Contractors’ Questions: Is the agency’s Covid-19 cashflow issue a valid reason not to pay me?
Contractor’s Question: I’m a limited company contractor and normally opt out of the Agency Conduct Regs.
My last month of work for a client was invoiced to the agency relating to a contract which completed in February. The client has already paid the agency for my services, but the agency is withholding my final payment citing coronavirus-related cashflow issues with its other contractor placements and clients.
So the agency says it will not release my funds and worse still, they talk of a number of weeks “or so” to go, before releasing any of my payment.
Does my opting out create an issue here, or does anything I’ve done make the continued delay acceptable? I don't believe the agency has the right to withhold my funds in this way. Please advise.
Expert’s Answer: This is a classic illustration, really, of one of the two big reasons why it is rarely (if ever) in a contractor's interests to opt out of the ‘Agency Conduct Regs’ -- the Conduct of Employment Agencies and Employment businesses Regulations 2003.
Clearly, there is no valid excuse for not paying you. Your client has paid, and instead of paying you, the agency seems to be using that money elsewhere.
While it is unlikely that you have any rights directly against the client, particularly given that they themselves have paid, you might try and enlist the support of the client in your attempts to get the agency to put paying you at the top of their pile of ’things to do.’
Not paying a contractor promptly -- again, particularly given that they themselves have paid -- is unlikely to endear them to the agency, or to enhance their confidence in the agency for the future.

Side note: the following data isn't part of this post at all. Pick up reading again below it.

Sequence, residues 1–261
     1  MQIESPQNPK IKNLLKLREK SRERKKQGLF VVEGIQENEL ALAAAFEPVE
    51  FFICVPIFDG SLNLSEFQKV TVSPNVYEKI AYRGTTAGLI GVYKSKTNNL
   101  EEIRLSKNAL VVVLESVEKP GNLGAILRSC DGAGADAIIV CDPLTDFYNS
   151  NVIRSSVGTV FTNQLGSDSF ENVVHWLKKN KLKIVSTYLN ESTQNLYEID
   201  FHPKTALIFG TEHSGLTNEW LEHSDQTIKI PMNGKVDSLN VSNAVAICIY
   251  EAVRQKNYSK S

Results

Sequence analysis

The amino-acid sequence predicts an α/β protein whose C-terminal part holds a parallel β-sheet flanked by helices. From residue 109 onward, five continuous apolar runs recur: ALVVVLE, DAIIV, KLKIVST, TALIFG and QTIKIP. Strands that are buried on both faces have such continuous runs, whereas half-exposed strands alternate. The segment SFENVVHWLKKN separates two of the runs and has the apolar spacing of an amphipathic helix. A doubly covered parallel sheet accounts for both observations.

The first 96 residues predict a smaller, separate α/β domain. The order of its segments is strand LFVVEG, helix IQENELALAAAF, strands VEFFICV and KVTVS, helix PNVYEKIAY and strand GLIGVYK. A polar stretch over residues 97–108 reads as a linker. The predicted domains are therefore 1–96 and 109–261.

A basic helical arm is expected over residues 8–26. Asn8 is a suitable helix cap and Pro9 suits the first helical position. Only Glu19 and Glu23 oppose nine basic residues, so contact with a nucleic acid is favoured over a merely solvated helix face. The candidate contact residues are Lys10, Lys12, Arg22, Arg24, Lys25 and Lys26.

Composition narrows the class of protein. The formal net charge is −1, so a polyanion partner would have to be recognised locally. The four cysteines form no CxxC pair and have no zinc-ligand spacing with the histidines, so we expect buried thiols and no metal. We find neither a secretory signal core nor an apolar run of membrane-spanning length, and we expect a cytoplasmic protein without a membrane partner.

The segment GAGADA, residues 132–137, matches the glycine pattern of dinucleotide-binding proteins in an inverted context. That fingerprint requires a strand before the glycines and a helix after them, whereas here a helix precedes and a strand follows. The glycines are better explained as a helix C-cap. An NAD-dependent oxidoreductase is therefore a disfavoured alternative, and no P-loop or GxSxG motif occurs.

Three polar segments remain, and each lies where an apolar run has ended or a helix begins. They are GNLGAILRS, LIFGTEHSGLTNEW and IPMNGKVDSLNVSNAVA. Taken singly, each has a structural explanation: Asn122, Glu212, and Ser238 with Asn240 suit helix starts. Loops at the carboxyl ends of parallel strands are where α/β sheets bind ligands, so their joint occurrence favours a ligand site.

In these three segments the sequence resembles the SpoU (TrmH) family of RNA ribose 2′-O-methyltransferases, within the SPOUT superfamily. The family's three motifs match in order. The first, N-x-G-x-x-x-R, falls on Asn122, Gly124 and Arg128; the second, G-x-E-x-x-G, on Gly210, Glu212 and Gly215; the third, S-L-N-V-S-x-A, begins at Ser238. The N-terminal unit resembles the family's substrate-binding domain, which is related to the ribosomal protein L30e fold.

It might of course be that letting it be known that you are considering approaching the client would motivate the agency just that little bit more towards paying you what you’re owed!
You’re absolutely entitled to keep pressing for payment. You might, if you wish, take legal action for the debt. And you might, if you wish, take steps towards winding the agency up, on the basis of its insolvency, as demonstrated by their ongoing failure to pay you.
However I really do wish you’d not opted out. If you had not, then you could also have relied on regulation 12, which essentially makes it unlawful for the agency to fail to pay you for time you have worked. You could then have referred their default to the Employment Agencies Standards Inspectorate, which might themselves have taken action against them.
Finally, that other big reason why it’s rarely wise to opt-out is worth specifying: where the regulations apply, ‘handcuff’ clauses will generally be unlawful and unenforceable. In fact, regulation 6 makes it unlawful for the agency to attempt to restrict what you do after you have finished working through them. Best of luck with your situation.
The expert was Roger Sinclair, legal consultant at contracts specialist egos.